Perhaps no singular economy in the world has grown and expanded as rapidly as China’s. “Made in China” labels prove just how far of a reach China has globally – from clothes to technology to automotive parts. But there’s another facet of this expansion that is poised to become more and more important.
Developing countries across the world face infrastructure challenges that hinder their growth and prosperity, and these challenges have only been exacerbated by COVID-19. China, along with other key economic players, is sensing this sore lack, and competing to invest in global infrastructure projects. There are many questions to be asked about the ethics and impact of global infrastructure investment, but one thought in particular rises to the top: what does infrastructure investment mean for the climate?
To prod at this question, the Duke University Center for International and Global Studies hosted a conversation with Dr. Jackson Ewing on September 29 entitled “The Great Infrastructure Game: Why Asia, Europe, and America are Competing to Build in the Developing World and What It Means for the Global Climate”. Ewing, who holds a joint appointment as a senior fellow at Duke University’s Nicholas Institute of Environmental Policy as well as adjunct associate professor at the Sanford School of Public Policy, unpacked the “game” by taking a specific deep dive into China’s investment sources, standards, and approaches.
A couple of key things stood out from the conversation. The first is that to understand China’s infrastructure investment impact, it’s important to understand the Belt and Road Initiative (BRI). The BRI is arguably the most important “umbrella mechanism” for China’s infrastructure investment, associated with projects such as ports, railways, airports, and power plants. Launched in 2013, its name comes from the concept of the Silk Road, an ancient network of trade routes connecting China to the Mediterranean, that was established during the Han Dynasty 2,000 years ago. This modern-day Silk Road connects Asia with Africa and Europe via land and maritime networks. The initiative defines its five major priorities to be “policy coordination, infrastructure connectivity, unimpeded trade, financial integration, and connecting people.”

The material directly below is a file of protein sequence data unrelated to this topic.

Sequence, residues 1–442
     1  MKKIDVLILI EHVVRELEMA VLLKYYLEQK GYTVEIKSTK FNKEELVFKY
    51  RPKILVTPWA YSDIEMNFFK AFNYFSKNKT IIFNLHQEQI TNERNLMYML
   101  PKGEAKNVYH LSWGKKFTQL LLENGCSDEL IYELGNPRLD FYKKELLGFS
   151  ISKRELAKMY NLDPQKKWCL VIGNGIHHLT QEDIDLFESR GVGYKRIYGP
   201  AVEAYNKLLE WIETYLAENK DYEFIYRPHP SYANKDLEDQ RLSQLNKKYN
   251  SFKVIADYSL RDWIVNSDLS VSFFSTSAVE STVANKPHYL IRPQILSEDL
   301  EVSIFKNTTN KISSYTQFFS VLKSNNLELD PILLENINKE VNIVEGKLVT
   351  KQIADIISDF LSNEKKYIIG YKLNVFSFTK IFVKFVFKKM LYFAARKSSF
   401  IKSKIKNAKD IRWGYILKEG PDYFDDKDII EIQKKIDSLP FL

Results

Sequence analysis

The BRI has led to what Ewing called “meteoric investment growth.” What does that investment look like? Ewing made note of several key characteristics. One is that Chinese lending has shifted significantly, from lending to sovereign banks to lending to companies and organizations in destination countries. This type of investment makes up nearly 70% of China’s portfolio. Another characteristic of this investment is that a chunk of the BRI project portfolio – 35%, to be exact – has encountered massive criticism on the grounds of corruption and environmental issues.
Previously, energy investment along the BRI looked mostly like coal. Between 2007 and 2015, China led all nations in financing nearly 25 billion dollars of outbound coal creation, with India, Indonesia, Mongolia, Turkey, and Vietnam being its biggest recipients.
Ewing noted that while China arguably does have a coal overcapacity problem, “it still compares significantly in outbound renewables.” The diagram below gives a breakdown of BRI energy investments – while the orange chunk of coal is still the biggest chunk of investment, the green renewable chunks don’t lag far behind. This increased interest in the renewable space is largely fueled by capacity problems, as well as domestic and environmental challenges. There has been a plateauing of coal consumption in the country – but is that something to get excited about?
There have been cross-ministerial efforts to promote a Green BRI in response to criticism, but as Ewing put it, “They’ve led to debatably meaningful practices to undergird existing initiatives.” While coal investment has slowed down as hydro investment has picked up the pace, China’s annual energy finance from policy banks has taken a hit and is slowing down. So what can we conclude?
Well, it’s safe to conclude two things. The first is that this Chinese shift away from coal does matter – but whether this will lead to a change in Chinese investment philosophy that will mark the next decade remains to be seen. The second thing to conclude is that as China dips more into the renewable space, other countries will follow. In fact, the U.S and EU have been prioritizing renewable investments for a while. This competition may very well mean that we see a growing number of renewable projects, which is undoubtedly good news for the climate.
Post by Meghna Datta, Class of 2023